Writer Arundhati Roy gives a talk on arts, rights
12:00 AM, March 06, 2019 / LAST MODIFIED: 04:26 PM, May 13, 2019

Not a supporter of art made for propaganda

Arundhati Roy tells Dhaka audience

When Arundhati Roy finally entered the halls at Midas Centre yesterday evening, cheers erupted amidst the waiting audience, accompanied by sighs of relief -- “so, it's finally happening!” one said to the other.

But it was not without a lot of drama.

Originally, the event was to be held at the Krishibid Institute in Farmgate. But the Dhaka Metropolitan Police, in a sudden announcement, cancelled the permission due to “unavoidable circumstances" triggering outrage.

Even after the change of venue to Midas Centre, much was done by the government to stop the discussion, organisers said. 

Despite the uncertainty, artists, writers, journalists, students and citizens alike crowded the centre to hear the author of “The God of Small Things” and “The Ministry of Utmost Happiness”.

Hundreds of Arundhati fans registered for the Chhobi Mela session titled “Utmost everything, Arundhati Roy in conversation with Shahidul Alam,” which began around 6:45pm and ended around 9:10pm.

The conversation between Arundhati and Shahidul, a Booker Prize Award winner and an award-winning photojournalist and social activist respectively, was about democracy, freedom of expression, human rights, nationalism, development, art, regional politics and the essays and books Arundhati has written over the last 20 years.

“Somehow, artists and writers have been led to believe that their place is in the marketplace, between best seller lists, literature festivals and film festivals,” Arundhati said, while talking about how it is always important for writers and artists to speak out and do the right thing.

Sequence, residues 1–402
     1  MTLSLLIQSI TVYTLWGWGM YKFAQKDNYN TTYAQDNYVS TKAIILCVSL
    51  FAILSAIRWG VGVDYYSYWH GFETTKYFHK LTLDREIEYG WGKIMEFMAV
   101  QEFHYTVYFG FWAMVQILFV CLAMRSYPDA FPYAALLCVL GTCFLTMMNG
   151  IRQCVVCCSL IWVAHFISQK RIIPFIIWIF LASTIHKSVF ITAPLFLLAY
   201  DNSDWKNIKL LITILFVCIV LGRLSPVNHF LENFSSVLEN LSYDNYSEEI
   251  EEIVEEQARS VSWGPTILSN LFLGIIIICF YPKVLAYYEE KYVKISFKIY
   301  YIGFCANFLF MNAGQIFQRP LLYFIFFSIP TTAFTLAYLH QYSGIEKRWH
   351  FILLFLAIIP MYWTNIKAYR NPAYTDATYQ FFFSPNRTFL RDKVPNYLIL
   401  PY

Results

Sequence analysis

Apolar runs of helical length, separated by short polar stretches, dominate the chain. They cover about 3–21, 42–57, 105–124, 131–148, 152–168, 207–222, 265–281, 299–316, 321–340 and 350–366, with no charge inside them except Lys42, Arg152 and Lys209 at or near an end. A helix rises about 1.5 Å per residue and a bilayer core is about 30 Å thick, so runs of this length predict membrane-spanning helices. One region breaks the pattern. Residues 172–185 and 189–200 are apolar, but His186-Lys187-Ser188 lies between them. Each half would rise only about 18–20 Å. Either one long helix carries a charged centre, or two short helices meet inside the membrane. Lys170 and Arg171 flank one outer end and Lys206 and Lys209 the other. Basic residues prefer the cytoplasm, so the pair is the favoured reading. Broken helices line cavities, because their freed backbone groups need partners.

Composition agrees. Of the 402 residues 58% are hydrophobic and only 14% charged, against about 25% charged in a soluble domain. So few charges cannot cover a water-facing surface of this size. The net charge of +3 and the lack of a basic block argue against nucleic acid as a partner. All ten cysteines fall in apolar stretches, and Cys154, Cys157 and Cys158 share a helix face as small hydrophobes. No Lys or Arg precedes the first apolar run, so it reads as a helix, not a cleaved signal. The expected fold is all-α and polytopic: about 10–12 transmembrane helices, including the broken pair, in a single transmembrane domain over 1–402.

She also spoke about the long history of writers, artists and poets facing obstacles from the authorities for speaking out the truth.

"Why are you here?" joked Shahidul Alam, to which Roy replied, "Because of you Shahidul, and also because of all of you!" pointing to the audience.

Arundhati Roy, whose father is from Barisal, was among the scores of scholars, writers, rights activists and Nobel laureates who demanded the release of Shahidul, also the founder of Chhobi Mela. He was hauled up from his home last year, hours after his interview with Al Jazeera which was critical of the government and jailed for about three months.

Shahidul is now on bail, and has recently challenged the legality of his arrest.

“I am not a big supporter of art made for propaganda, but at the same time, art that is not cognitive means nothing to me either,” she said.

Artists have been made less dangerous, often not by denying regime but by placing themselves in the marketplace and making themselves commercially viable, she added.

“That has been more seductive than any kind of ruthlessness or censorship.”

The audience included rights activists Khushi Kabir, Shireen Huq, founder of Gonoshasthaya Kendra Zafrullah Chowdhury, Prof Anu Muhammad and writer Anisul Hoque.

Besides discussing various issues, showing videos and sharing anecdotes, Arundhati read certain paragraphs from her novels and essays.

After a brief question and answer session, she read the first few lines from her latest fiction, The Ministry of Utmost Happiness, which came 20 years after her award-winning novel “The God of Small Things”.

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